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Od StudiosWasted Time - Od Studios

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Published on October 21st, 2013 | by Matt Haberfeld


Wasted Time

“We’ve already wasted enough time on this project.” –My boss

My boss is a prophet…a SAGE I tell you. If only he knew how right he was.

We have been running this research study for just over two years and it is time for the final datacut. This datacut is the most important part of the entire study and, afterwards, closing out the rest of the study is smooth sailing.

What happens is we take all the information that we’ve gathered in the database and generate output files for the Sponsor. We also cut a CD to every clinical site that participated in the study with their patients’ information. It sounds easy. It is easy. With this process starting in February and the study shutting down in April, we had two months to make this happen. More than enough time to do things properly. Even enough time to make a few mistakes and still stay on track. Definitely enough time to waste thousands of company dollars.

The first part of this process is drafting the functional requirements for the export program. What this means is one of the developers writes a program that takes the information in the database, and exports it to the format that the Sponsor requested, hence, export program. This is the Sponsor’s first study, so they asked us to recommend a format , considering we’re “experts” in this field. My boss, being the shining beacon of rational thought that they think he is, tells them that HTML would be the best format.

Now, when you’re talking about patient information that is regulated by the Food and Drug Administration, giving data in a format that can be edited in Notepad is not the brightest idea. But, hey, he’s the boss. He knows what he’s talking about, right? So the Sponsor accepts the recommendation and approves the HTML output format.

At this point, I would normally draft a functional requirements document that would explain, in writing, exactly what the export program was supposed to do, which fields it’s supposed to export, what the export file is going to look like, etc. However, my boss decides to exclude me from this portion of the project project and tells the developer verbally how he wants the export to look.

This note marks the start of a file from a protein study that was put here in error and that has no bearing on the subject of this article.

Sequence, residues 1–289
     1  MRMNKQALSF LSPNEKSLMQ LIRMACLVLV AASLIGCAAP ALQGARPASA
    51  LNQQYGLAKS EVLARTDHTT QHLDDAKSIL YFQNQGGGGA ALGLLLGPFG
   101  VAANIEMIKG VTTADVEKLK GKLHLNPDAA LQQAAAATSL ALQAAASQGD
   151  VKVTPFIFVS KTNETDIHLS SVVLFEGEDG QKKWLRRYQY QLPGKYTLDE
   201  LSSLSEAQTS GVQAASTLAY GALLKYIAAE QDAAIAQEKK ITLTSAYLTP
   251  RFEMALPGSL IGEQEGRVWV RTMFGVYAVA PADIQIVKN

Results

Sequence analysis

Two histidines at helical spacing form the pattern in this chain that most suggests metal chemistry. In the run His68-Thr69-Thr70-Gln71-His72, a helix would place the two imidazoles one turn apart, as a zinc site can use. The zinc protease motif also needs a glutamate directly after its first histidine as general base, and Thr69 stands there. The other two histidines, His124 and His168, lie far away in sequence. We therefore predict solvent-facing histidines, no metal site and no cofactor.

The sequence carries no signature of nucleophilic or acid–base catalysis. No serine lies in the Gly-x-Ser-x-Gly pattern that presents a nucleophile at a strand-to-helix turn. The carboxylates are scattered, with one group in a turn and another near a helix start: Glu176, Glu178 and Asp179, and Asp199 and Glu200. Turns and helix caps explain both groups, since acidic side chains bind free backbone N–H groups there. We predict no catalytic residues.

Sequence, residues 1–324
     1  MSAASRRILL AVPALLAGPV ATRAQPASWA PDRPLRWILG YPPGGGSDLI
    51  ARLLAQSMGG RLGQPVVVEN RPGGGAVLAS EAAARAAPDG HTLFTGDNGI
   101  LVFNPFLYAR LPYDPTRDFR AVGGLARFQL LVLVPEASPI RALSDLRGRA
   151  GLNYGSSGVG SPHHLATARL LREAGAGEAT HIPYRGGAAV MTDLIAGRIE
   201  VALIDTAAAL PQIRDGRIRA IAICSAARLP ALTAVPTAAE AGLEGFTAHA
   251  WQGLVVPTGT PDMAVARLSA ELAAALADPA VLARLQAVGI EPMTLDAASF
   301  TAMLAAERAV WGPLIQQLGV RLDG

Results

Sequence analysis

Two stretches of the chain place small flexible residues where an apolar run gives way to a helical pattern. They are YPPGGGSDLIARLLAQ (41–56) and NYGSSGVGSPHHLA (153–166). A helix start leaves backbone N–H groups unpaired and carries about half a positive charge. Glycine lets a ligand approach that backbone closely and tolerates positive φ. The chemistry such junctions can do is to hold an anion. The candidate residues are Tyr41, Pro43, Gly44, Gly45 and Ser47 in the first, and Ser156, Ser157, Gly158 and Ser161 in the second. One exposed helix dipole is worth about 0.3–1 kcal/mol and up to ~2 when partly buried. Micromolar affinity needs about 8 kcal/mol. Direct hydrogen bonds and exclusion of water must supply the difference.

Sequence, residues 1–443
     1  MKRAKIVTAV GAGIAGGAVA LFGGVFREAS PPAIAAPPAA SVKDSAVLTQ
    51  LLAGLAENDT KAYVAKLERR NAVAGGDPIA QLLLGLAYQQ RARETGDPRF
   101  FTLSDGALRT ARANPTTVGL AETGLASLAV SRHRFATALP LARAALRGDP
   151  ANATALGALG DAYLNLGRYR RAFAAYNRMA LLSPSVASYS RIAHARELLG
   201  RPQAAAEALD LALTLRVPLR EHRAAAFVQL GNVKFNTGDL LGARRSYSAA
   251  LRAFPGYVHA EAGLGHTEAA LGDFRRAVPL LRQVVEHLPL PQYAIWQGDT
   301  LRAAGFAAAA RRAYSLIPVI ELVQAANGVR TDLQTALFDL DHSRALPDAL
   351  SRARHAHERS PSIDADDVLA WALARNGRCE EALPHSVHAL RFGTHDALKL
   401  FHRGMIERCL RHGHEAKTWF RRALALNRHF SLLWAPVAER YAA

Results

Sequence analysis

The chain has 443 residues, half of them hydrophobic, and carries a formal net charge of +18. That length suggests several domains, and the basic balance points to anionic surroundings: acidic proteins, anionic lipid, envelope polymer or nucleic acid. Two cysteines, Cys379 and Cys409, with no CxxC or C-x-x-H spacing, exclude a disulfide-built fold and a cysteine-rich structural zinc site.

Now, having drafted no document that explains how the export works, I am unable to perform the second important task, validation of the export program. What this means is that I write a test script that ensures, in writing, that the export program does exactly what it is supposed to do. No more, no less. This is a big deal. The FDA does not mess around, if the project is audited they are going to want to look at this. However, we did not validate the export program because my boss decided not to.

We Need to Manage the Sponsor’s Expectations

Up to this point in the story, my boss has already made two crippling mistakes. First, he chose a very poor format for the export file which will cause nothing but issues in the future. However, I don’t care if we give the Sponsor a 200 page document written in crayon, as long as they get the information in a format they approved, it’s fine.

The real killer is that he didn’t give the developer a written functional requirement, and here’s why it’s a big deal. My boss is not…empathetic. That’s the business friendly way of saying that he could never step into your shoes and understand a situation from your point of view. What ends up happening, more often than not, is he thinks about what he wants and then sends you some incomprehensibly vague e-mail about what to do and you’re missing all the little details that he, presumably, thought about in his head. Now, I can’t verify this for sure, but I’m willing to bet a year’s salary that this is what happened. My boss called our developer in India and over the phone explained what he wanted the export to do, minus all the important details that actually make the program work. The result of which is the worst export program I’ve ever seen. Furthermore, no testing was done on this application because there were no requirements to test it against. My boss did not budget any time for me to even look at the program. A mistake this early in the process is going to cost us big time.

The Sponsor may be new at this, but they’re not entirely clueless. They did ask us for for the validation documentation. My boss said that we would substitute a 10% patient QC as proof that the export program works. The Sponsor said that would be acceptable. (Despite their better judgement, I’m sure) So my boss tells me to use the export application on 10% of the patients, print out their case report forms and match them to the electronic system. This is when I get my first taste of the export program.

Losing Focus

It’s two selectable fields and 10 buttons. Each button is a different case report form for the same patient. So you pick the clinical site, the patient and then you press a button and save the HTML file to your computer. Press another button and save the HTML file to your desktop. Repeat 8 more times, then go to the next patient.